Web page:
Gwangju model on the rocks as FKTU talks withdrawal
The Gwangju employment model was one of president Moon Jae-in’s key policies.
It centers on cutting wages to 70 percent of the average of workers at other car plants. It also allows for flexible working hours so companies can hire more people.
On Wednesday last week, the FKTU said it has had enough and suggested that it would not be supporting the program. The union has scheduled a protest for Tuesday.
The possible collapse of the project comes as the three parties involved failed to narrow their expectations on wages, job conditions and exactly who should be in charge of what. It is now unclear whether the project makes any sense at all and if it can ultimately work.
The Gwangju city government and Hyundai Motor established Gwangju Global Motors last year guided by Moon’s policy. The two are the biggest shareholders, investing 48.3 billion won ($39 million) and 43.7 billion won, respectively.
Construction began last December, and 8 percent of the car manufacturing plant is now complete. The plant, which is located in Gwangsan District, Gwangju, is scheduled to be operating at capacity - of 100,000 units a year - by next April.
Given the discordance, that ambitious schedule is looking less likely by the day.
The city government first proposed a yearly salary of 30 million won including allowances. Labor unions are challenging this gambit, claiming it provides workers with what amounts to minimum wage.
Met with heavy opposition, the city government proposed a revised wage plan raising the salary to 35 million for a 44 hour-workweek.
Hyundai Motor wasn’t happy either.
It says that the arrangement is unworkable. Wage increases are not linked to inflation but are renegotiated every year. Normally, these negotiations take place every five years.
Critics say that a number of issues dogged the agreement: the government body’s lack of experience running a business, the bad attitude of Hyundai Motor and the tug of war with labor, especially the insistence that the union get a board member.
The lack of the FKTU’s agreement will not immediately put a halt to the project.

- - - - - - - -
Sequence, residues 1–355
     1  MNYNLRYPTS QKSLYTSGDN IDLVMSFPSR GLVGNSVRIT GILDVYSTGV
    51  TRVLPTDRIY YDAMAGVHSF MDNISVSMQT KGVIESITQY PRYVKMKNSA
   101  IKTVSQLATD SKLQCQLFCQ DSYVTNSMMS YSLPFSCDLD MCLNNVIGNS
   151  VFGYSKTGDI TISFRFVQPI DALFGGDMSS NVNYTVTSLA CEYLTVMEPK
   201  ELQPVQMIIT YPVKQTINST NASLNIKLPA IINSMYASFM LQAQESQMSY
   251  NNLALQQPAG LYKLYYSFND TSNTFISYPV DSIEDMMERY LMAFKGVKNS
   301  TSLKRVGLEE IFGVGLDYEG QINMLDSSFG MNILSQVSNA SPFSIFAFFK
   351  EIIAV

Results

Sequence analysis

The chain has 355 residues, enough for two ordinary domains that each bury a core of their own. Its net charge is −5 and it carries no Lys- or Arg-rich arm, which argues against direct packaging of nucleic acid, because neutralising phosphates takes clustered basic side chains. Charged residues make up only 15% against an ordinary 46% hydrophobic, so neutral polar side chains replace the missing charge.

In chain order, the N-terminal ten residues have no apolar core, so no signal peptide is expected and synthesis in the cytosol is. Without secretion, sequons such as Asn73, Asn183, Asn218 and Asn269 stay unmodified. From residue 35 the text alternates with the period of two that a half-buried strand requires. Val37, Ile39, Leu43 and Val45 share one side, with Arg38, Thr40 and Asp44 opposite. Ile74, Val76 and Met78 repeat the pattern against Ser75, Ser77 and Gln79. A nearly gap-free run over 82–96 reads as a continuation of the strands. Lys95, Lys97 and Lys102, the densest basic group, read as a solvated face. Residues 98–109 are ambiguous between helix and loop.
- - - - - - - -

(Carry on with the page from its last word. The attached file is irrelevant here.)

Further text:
Gwangju Mayor Lee Yong-sup has backed down, saying the city will accept all requests by the labor union. Hyundai Motor said it also hopes for the conflict to be resolved.
The bigger issue at hand is the viability of the business model and the potential effect of such conflicts on funding. If it is the product of conflict and grudging acceptance, Gwangju Global Motors might have a difficult time securing investment from investors. Gwangju needs an additional 360 billion won of funding.
The other issue is the declining local automotive market.
Sales of compact cars have been falling in Korea. They reached a peak of 200,000 units in 2012 and steadily declined to 100,000 units last year. Subsidies have been cut, and subcompact cars are not particularly profitable.
Even if Hyundai eventually overcomes the ups and downs and successfully produces 100,000 SUVs at the manufacturing plant in Gwangju, the market may not be there due to the coronavirus outbreak.
The Auto 5000 project in Wolfsburg, Germany, which inspired the low-wage, co-growth model in Gwangju, ended in failure.
In the German project, wages were lowered to 80 percent of the average, and working hours were cut to 35 per week. Eventually, the wage level rose to the industry average after multiple salary negotiations took place. Volkswagen eventually absorbed the Auto 5000 project.
“Signs of trouble were already evident, since the model does not have specific plans on how it will convince workers to do the same job with less pay and how it will materialize its amateur business strategy,” said Lee Ho-geun, an automotive engineering professor at Daeduk University.
“Those involved in the Gwangju model need to stop politicizing it and judge whether the details of the model are viable in terms of business.”
BY PARK SEUNG-WOO [email@example.com]
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